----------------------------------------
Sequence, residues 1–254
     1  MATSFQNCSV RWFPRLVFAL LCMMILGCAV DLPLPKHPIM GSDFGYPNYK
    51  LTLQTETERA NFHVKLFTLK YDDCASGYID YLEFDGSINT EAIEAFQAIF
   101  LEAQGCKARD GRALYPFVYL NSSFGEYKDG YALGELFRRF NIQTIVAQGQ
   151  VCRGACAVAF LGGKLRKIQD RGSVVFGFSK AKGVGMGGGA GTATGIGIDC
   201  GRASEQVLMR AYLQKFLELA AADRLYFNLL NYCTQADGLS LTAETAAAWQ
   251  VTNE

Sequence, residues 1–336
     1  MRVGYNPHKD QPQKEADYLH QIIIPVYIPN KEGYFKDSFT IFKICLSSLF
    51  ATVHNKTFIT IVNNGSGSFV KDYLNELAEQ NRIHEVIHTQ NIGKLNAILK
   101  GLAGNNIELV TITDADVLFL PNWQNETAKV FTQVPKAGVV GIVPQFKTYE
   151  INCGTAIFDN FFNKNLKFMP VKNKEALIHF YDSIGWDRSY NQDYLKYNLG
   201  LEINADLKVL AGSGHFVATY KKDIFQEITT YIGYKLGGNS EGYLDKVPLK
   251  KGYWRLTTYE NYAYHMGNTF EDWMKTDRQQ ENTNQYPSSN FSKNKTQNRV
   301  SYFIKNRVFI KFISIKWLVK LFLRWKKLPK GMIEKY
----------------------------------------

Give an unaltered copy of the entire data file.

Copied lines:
Sequence, residues 1–254
     1  MATSFQNCSV RWFPRLVFAL LCMMILGCAV DLPLPKHPIM GSDFGYPNYK
    51  LTLQTETERA NFHVKLFTLK YDDCASGYID YLEFDGSINT EAIEAFQAIF
   101  LEAQGCKARD GRALYPFVYL NSSFGEYKDG YALGELFRRF NIQTIVAQGQ
   151  VCRGACAVAF LGGKLRKIQD RGSVVFGFSK AKGVGMGGGA GTATGIGIDC
   201  GRASEQVLMR AYLQKFLELA AADRLYFNLL NYCTQADGLS LTAETAAAWQ
   251  VTNE

Sequence, residues 1–336
     1  MRVGYNPHKD QPQKEADYLH QIIIPVYIPN KEGYFKDSFT IFKICLSSLF
    51  ATVHNKTFIT IVNNGSGSFV KDYLNELAEQ NRIHEVIHTQ NIGKLNAILK
   101  GLAGNNIELV TITDADVLFL PNWQNETAKV FTQVPKAGVV GIVPQFKTYE
   151  INCGTAIFDN FFNKNLKFMP VKNKEALIHF YDSIGWDRSY NQDYLKYNLG
   201  LEINADLKVL AGSGHFVATY KKDIFQEITT YIGYKLGGNS EGYLDKVPLK
   251  KGYWRLTTYE NYAYHMGNTF EDWMKTDRQQ ENTNQYPSSN FSKNKTQNRV
   301  SYFIKNRVFI KFISIKWLVK LFLRWKKLPK GMIEKY